Wouldn’t it be awesome if the New York Giants could put together a 2014 draft class in which almost every pick contributed something this coming season?
Hey, it could happen or come close to happening.
Just look at the 2007 Giants' draft class in which seven out of their eight draft picks—cornerback Aaron Ross, receiver Steve Smith, defensive tackle Jay Alford, long snapper Zak DeOssie, tight end Kevin Boss, safety Michael Johnson and running back Ahmad Bradshaw—contributed to that Super Bowl XLII championship season.
Since that class, the Giants' drafts haven’t exactly been as stellar. As I noted in this review of their last five classes (2009 to 2013), the Giants' draft classes have yielded just 18.4 percent of the roster’s starters, with 39.5 percent of the players being backups and a whopping 31.6 percent out of the league as of last season.
If those stats are making you a little nervous about this year’s draft, keep the faith.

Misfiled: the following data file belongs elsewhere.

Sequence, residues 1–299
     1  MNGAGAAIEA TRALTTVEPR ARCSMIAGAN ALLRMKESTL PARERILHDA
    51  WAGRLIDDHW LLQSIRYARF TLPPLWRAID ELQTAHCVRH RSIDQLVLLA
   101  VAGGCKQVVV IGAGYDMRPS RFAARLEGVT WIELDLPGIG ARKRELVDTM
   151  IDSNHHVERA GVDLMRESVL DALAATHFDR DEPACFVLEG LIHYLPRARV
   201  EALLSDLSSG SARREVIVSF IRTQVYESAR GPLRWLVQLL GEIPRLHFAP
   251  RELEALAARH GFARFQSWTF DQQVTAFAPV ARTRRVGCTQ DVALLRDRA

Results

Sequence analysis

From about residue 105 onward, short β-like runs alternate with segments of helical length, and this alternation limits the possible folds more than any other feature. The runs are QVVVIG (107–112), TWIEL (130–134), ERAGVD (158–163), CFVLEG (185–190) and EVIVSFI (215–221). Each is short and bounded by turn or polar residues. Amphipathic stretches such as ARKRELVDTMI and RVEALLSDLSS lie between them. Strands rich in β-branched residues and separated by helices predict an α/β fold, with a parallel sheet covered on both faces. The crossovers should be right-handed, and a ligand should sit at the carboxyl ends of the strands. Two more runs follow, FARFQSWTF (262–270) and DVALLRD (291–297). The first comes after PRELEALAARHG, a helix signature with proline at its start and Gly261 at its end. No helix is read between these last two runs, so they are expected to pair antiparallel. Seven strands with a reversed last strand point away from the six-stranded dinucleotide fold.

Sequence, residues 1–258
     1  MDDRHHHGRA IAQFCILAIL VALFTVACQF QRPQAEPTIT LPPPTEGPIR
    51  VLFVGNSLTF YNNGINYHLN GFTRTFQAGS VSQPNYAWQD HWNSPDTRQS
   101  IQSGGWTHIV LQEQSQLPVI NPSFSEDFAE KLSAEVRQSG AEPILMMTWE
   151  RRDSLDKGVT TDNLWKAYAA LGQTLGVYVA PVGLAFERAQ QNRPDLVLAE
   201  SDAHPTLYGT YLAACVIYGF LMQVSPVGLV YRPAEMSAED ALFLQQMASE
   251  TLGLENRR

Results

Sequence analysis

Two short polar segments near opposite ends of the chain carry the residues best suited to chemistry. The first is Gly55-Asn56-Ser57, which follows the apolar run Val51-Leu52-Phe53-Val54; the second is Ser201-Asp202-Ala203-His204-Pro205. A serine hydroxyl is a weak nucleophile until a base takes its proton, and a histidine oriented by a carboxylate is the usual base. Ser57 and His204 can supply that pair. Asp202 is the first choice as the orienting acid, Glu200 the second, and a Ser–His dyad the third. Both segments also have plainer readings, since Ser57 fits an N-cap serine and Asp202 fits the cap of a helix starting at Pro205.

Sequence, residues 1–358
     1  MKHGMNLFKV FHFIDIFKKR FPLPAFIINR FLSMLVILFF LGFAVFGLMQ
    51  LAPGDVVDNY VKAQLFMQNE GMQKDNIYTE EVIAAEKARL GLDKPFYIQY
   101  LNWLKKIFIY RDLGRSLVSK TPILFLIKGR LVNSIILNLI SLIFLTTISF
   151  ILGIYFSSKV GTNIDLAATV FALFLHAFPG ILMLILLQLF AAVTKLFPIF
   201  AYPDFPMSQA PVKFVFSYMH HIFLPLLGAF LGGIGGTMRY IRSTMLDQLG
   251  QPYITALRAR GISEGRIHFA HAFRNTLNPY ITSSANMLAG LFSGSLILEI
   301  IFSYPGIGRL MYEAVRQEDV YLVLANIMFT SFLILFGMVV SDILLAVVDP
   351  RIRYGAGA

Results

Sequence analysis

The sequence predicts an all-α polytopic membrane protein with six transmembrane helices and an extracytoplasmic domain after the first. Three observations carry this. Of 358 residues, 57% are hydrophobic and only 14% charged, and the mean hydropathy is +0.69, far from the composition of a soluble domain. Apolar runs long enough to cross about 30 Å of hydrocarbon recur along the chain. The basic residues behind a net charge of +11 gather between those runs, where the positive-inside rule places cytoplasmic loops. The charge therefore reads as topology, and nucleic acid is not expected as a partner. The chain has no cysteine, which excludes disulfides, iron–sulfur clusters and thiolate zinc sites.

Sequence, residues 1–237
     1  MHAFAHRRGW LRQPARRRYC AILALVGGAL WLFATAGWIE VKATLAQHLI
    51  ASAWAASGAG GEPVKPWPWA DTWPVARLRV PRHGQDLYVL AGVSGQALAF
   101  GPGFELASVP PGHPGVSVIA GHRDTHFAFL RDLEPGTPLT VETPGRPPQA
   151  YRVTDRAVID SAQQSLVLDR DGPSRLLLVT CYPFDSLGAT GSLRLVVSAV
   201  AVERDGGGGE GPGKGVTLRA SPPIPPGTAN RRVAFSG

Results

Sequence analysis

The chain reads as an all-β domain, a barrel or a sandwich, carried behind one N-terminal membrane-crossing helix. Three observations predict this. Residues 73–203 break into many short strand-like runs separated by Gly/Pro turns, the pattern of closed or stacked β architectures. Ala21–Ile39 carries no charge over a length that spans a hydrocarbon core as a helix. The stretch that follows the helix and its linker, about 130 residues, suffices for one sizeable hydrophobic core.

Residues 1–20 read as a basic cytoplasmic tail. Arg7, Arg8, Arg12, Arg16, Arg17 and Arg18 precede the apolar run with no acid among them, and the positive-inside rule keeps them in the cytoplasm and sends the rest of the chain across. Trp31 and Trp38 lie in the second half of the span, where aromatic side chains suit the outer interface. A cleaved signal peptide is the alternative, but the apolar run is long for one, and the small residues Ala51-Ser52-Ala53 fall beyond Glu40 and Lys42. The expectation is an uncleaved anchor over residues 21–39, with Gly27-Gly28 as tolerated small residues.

The Giants' decision-makers know they have to come up big with this year's class, especially in the middle rounds where team CEO John Mara told reporters last December that the team's track record in those critical middle rounds hasn't been what they had hoped for.
We have missed on some guys. We’ve had some bad luck with second- and third-round picks being hurt; a first-round pick in the person of Kenny Phillips (knee), who we thought would be a Pro Bowl safety for us for years. We have missed on some, no question about it.
There are a few cases where we took a chance, knowing we were taking a chance, knowing if we hit on this guy, maybe we would knock it out of the park, and if we missed, we missed. And we missed entirely. That’s going to happen. There’s no question over the past few years we’ve missed on some of them for whatever reason.
Redemption is just a few weeks away, and it will be interesting to see if the Giants are more inclined to stay away from taking gambles.
While we patiently wait for the start of the draft on May 8, here, I give you my latest attempt at identifying seven prospects who could potentially contribute at some point in their rookie season.